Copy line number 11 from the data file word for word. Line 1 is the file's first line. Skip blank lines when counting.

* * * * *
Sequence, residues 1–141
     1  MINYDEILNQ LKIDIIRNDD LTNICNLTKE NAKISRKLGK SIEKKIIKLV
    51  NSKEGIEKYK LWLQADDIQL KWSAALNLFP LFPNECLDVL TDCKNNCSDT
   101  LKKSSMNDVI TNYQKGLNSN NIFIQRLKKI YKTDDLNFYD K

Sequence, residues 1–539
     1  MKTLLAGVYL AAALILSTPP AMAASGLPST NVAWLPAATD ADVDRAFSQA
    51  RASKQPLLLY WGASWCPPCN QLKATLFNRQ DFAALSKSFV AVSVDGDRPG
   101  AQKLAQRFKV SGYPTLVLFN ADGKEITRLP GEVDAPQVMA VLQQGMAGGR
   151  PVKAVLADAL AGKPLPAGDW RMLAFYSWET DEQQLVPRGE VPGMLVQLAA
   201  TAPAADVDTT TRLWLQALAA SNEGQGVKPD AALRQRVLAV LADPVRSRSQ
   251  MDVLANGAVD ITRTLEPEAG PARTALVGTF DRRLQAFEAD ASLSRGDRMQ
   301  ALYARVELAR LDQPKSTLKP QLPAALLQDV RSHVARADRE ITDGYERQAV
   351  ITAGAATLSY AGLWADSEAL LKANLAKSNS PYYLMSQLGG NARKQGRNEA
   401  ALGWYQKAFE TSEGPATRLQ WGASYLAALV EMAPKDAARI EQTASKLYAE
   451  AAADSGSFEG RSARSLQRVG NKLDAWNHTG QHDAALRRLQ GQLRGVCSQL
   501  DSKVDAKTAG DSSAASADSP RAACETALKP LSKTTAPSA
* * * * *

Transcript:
   251  MDVLANGAVD ITRTLEPEAG PARTALVGTF DRRLQAFEAD ASLSRGDRMQ